The Biogerontology Laboratory, located within the ANZAC Research Institute, is the biological research arm of the Centre for Education and Research on Ageing (CERA). The role of the Biogerontology Laboratory is to investigate the biological causes of ageing and age-related diseases.

Head: Professor David Le Couteur

Bone Biology Lab

The Bone Research Program pursues research in basic bone biology, applied bone metabolism and clinical research into metabolic bone disease. The goal of the Bone Biology Lab to offer a comprehensive research program that includes transgenic animal models, molecular biology, histology, surrogate marker measurements and clinical research.

Head: Professor Markus Seibel

Neurobiology Lab

The Neurobiology Laboratory, is an internationally recognised research group in the field of neurogenetics. The group’s neurogenetic research focuses on the search for genes for various neurodegenerative diseases, particularly those which if defective cause forms of peripheral nerve and motor neuron disease. The research group has mapped the genes for three new hereditary neuropathies in the last few years.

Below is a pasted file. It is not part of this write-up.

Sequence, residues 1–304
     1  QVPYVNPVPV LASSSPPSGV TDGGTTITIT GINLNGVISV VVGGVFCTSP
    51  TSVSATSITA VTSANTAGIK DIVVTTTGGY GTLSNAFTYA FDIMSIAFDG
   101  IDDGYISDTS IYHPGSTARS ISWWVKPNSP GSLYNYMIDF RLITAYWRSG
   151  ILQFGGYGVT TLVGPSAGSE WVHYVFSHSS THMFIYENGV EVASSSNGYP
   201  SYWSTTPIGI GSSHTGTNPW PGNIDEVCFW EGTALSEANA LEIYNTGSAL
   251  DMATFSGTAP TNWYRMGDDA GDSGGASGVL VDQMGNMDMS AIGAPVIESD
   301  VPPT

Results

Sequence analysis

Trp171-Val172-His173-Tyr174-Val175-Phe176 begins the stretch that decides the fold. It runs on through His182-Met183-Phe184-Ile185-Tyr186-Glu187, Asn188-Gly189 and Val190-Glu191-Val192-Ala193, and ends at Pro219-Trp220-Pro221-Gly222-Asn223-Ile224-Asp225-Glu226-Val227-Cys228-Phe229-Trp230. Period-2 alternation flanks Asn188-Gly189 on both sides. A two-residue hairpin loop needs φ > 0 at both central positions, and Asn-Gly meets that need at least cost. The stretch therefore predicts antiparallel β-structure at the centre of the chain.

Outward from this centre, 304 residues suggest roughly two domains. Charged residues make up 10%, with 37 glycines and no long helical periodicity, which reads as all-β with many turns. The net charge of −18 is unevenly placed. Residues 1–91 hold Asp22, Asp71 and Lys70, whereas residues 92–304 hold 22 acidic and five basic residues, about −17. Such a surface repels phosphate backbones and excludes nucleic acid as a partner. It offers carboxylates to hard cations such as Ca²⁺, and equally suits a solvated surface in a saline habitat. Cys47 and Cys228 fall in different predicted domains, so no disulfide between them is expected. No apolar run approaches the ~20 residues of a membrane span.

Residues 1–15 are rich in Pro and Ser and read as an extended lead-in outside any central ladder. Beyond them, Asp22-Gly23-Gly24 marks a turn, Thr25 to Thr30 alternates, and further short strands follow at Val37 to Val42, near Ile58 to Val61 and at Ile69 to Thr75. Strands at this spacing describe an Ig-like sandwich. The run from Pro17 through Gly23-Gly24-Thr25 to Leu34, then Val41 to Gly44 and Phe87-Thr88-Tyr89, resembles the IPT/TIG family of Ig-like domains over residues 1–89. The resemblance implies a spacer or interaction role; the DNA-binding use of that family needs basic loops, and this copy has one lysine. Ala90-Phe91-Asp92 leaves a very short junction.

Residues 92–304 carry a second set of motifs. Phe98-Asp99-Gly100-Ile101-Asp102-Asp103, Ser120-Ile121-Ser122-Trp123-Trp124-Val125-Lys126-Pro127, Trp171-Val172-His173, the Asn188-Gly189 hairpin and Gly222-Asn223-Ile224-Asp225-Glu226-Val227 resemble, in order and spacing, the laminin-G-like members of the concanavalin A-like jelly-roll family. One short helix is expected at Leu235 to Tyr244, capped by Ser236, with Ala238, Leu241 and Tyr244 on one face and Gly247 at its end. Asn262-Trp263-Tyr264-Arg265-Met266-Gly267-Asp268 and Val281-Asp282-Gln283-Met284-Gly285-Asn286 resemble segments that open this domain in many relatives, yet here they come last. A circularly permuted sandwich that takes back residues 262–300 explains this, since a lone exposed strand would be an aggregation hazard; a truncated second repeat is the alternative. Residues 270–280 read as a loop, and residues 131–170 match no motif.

Head: Professor Garth Nicholson

Vascular Biology & Cardiovascular Medicine

There are a large variety of projects in cardiovascular medicine that can be offered to students both at the ANZAC Research Institute as well as Concord Clinical School. These studies range from basic cellular and molecular science through human physiology and pathophysiology.

Head: Professor Ben Freedman

Biomedical Informatics and Digital Health (BIDH) was established in 2020 to pursue a future in which health data and information are seamlessly integrated into biomedical discovery and the continuous improvement of health and healthcare delivery. BIDH is now the largest comprehensive teaching and research group of its kind in Australia.